I also asked Bob about his music, and he said this: “There’s another place waiting for me. I don’t know where it is yet, but it’s where I have to move.” That was in 1999. He got there, and he let the rest of us come along for the ride.

    In the last years of Bob’s life, he was searching for—and finding—ultimate essences, just like Matisse and Bartók did in the last years of their lives. He had become the greatest living jazz composer. How very, very lucky we were to watch it happen.

    Now he belongs to the ages. I can’t imagine a world without him.

  4. says

    Thanks to David Sherr for a splendid account of an unforgettable evening. But an addendum about “Body and Soul”–it was one of Bob’s favorite standards. He did at least two small-group recordings of it that I know (including a duo with Jim Hall), plus a splendid arrangement for Gerry Mulligan’s Concert Jazz Band.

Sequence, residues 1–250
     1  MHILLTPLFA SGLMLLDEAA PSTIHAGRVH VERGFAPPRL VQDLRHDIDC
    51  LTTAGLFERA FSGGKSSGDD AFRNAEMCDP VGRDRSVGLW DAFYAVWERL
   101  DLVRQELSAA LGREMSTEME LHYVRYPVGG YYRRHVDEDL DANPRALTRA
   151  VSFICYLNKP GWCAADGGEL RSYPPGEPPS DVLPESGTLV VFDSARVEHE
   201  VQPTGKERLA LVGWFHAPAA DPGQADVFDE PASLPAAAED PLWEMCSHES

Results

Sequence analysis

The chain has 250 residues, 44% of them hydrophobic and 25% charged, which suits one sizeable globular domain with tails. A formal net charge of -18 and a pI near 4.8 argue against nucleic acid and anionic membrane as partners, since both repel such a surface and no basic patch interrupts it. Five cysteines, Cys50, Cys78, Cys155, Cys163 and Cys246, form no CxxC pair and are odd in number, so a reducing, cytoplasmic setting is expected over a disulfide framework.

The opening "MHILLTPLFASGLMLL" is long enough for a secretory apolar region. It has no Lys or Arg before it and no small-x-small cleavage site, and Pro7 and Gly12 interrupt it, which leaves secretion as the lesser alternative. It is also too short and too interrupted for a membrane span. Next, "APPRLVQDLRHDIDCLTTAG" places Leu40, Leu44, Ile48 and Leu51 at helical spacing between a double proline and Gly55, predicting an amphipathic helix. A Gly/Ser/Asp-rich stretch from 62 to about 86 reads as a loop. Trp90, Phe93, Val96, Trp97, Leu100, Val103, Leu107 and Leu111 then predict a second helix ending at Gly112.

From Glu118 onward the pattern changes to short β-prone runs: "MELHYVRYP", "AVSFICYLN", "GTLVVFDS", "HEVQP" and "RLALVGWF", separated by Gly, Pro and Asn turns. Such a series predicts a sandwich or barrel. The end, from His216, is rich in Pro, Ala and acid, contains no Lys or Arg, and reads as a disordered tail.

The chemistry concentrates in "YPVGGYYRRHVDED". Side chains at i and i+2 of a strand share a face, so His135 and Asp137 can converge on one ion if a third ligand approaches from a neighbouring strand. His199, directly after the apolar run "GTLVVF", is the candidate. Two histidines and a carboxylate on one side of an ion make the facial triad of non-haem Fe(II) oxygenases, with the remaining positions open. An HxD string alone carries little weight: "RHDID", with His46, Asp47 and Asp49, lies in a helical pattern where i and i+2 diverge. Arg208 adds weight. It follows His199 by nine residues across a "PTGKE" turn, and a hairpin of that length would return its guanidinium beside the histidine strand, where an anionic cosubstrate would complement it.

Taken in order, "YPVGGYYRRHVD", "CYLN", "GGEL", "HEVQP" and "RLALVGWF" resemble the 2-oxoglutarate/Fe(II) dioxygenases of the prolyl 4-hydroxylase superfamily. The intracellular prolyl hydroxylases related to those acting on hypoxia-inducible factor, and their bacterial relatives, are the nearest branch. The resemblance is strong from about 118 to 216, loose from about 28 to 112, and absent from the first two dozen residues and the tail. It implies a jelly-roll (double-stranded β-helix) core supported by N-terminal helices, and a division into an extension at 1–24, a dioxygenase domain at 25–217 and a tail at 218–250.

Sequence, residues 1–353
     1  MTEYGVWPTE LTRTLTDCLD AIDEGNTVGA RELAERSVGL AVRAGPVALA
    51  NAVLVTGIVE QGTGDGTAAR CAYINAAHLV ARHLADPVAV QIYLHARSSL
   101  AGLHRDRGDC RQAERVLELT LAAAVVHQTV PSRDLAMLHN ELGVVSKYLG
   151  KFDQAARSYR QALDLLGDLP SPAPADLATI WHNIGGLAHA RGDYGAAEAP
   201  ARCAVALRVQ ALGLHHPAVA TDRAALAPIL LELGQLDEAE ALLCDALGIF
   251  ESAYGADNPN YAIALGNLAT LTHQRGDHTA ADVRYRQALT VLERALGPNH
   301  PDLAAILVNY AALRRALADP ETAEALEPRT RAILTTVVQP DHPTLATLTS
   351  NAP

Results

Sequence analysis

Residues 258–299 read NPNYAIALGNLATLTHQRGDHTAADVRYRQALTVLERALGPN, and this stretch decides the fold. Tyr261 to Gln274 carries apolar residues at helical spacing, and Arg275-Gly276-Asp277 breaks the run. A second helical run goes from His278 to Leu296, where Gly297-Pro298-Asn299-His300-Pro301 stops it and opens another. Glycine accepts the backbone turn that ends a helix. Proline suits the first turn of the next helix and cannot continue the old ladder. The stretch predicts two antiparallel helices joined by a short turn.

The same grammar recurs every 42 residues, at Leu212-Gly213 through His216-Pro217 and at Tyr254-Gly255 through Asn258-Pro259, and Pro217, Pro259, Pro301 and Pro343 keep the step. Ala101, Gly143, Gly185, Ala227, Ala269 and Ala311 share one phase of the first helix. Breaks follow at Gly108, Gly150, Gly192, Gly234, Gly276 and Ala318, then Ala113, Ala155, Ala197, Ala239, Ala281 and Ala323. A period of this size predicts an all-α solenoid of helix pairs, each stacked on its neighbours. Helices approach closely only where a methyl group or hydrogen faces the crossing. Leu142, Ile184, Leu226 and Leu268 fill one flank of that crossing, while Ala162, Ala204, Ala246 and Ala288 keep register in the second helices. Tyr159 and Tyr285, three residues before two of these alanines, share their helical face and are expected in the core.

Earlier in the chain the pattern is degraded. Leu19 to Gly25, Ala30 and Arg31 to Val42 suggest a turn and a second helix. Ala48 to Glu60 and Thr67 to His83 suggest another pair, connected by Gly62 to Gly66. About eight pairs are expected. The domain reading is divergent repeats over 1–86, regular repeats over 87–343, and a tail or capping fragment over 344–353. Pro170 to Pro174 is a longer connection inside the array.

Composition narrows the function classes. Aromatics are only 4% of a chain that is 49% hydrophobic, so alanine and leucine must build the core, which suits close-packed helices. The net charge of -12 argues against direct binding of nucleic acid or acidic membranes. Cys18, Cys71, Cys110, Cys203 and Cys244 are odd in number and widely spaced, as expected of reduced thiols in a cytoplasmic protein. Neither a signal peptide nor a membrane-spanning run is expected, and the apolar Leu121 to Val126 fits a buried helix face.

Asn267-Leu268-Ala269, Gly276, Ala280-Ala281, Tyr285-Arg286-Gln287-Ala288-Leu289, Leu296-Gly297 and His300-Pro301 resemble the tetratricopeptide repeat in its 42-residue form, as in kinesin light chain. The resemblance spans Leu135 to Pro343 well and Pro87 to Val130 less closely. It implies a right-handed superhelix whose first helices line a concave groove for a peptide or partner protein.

In the BMI Jazz Composers Workshop, Bob’s first assignment for us was to take “Body and Soul” and analyze it.

    So overall, this was a song that meant a great deal to him.

  5. says

    I just want to add my voice of praise for Wednesday’s memorial concert for Bob Brookmeyer.

    Thanks to everyone for making such beautiful and articulate music. The outstanding performance of the Vanguard Jazz Orchestra in conjunction with the invited guest performers increased my awareness and understanding of and appreciation for Bob’s great contribution to the development of the big band repertoire and his expansion of its musical vocabulary. To hear his extraordinary work performed live and at such a high level of execution was a rare and unforgettable experience. I felt proud of both my friends in the band as well as the band members and guest speakers and performers I didn’t personally know but who contributed to my edification, many with tears in their eyes as they spoke.